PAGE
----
Study summary:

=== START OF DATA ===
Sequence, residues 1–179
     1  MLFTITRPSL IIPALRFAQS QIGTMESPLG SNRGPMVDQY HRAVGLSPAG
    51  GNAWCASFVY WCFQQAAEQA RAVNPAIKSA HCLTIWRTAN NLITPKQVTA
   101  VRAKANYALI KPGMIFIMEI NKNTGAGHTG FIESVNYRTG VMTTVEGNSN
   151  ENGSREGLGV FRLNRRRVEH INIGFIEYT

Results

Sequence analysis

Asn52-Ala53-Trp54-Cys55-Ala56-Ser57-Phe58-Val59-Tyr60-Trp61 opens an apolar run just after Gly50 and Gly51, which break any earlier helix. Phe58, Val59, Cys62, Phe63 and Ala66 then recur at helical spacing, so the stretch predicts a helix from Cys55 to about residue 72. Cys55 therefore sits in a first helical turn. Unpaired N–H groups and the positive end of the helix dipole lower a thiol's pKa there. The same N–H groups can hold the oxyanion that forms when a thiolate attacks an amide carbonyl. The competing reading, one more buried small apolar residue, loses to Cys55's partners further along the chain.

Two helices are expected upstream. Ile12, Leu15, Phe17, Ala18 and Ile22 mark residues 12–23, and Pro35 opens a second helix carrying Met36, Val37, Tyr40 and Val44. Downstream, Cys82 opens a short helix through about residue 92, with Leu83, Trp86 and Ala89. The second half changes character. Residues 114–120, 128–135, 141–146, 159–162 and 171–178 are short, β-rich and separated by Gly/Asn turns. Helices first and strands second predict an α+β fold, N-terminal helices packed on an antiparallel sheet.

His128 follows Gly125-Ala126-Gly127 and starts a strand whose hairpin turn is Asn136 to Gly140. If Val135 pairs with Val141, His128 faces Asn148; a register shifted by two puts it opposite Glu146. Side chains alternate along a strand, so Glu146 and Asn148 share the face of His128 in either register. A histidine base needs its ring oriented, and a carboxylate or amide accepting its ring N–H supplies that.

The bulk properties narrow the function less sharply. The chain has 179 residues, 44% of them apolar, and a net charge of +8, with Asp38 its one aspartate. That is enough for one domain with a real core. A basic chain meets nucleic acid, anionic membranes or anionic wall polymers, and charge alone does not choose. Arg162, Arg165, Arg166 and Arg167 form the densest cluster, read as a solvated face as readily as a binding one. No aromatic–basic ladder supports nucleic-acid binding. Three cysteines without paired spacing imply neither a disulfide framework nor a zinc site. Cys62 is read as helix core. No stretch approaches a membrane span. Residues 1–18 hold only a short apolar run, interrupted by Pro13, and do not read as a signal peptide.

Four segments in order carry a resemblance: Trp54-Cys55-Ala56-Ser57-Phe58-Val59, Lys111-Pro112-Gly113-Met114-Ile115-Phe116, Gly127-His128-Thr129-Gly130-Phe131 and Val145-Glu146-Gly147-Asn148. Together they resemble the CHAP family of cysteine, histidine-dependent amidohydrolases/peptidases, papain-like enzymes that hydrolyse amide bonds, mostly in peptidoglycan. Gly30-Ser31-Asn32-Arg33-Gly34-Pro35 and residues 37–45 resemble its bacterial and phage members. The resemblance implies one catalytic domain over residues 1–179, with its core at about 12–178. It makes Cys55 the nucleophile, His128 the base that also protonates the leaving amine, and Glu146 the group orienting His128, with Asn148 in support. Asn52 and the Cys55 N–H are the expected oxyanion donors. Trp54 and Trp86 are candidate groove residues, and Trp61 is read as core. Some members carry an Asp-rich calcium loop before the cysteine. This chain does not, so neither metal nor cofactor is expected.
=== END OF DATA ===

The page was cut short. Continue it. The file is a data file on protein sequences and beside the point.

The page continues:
Objective: The objective of the present study is to establish, in our laboratory, a published model of pharmacologically induced alcohol craving, and carry out an initial evaluation of its predictive validity for efficacy in treatment of alcoholism. Two pharmacological challenges are tested: 1. The alpha2-adrenergic antagonist yohimbine, which reliably induces reinstatement of alcohol seeking in experimental animals, but has produced less clear results in humans. 2. The serotonergic compound mCPP, which has been reported to robustly increase alcohol craving in human alcoholics, but for which animal data are less clear. Our objective study is to evaluate craving responses to infusion of yohimbine or mCPP using optimal assessment tools and subject population, and establish their sensitivity to the clinically effective alcoholism medication acamprosate. Study Population: The study will be carried out in 60 subjects aged 21-65 years, with alcohol dependence as their primary complaint, and without other serious medical or psychiatric conditions. An additional inclusion criterion will be elevated trait anxiety as measured by the Spielberger Trait Anxiety Inventory. Subjects will be admitted to the NIAAA research inpatient unit at the NIH Clinical Research Center (CRC) through the platform training and natural history protocol (05-AA-0121 Assessment and Treatment of People with Alcohol Drinking Problems ), which provides basic assessments and standard withdrawal treatment if needed. Patients will enter into the present protocol once such treatment, if needed, is completed. Design: Following inclusion, subjects will be randomized to acamprosate (n=25) or placebo (n=25), receiving either 3 tablets of 333mg acamprosate three times daily, or receiving identically looking placebo. Following a minimum of 2 weeks of treatment, subjects will undergo three challenge sessions, a minimum of 5 days apart, with yohimbine, m-CPP or placebo infusion, in counterbalanced order. Outcome Measures: During the challenge sessions, subjective cravings for alcohol will be assessed using the Alcohol Urge Questionnaire. Neuroendocrine and cardiovascular measures will be collected for exploratory purposes.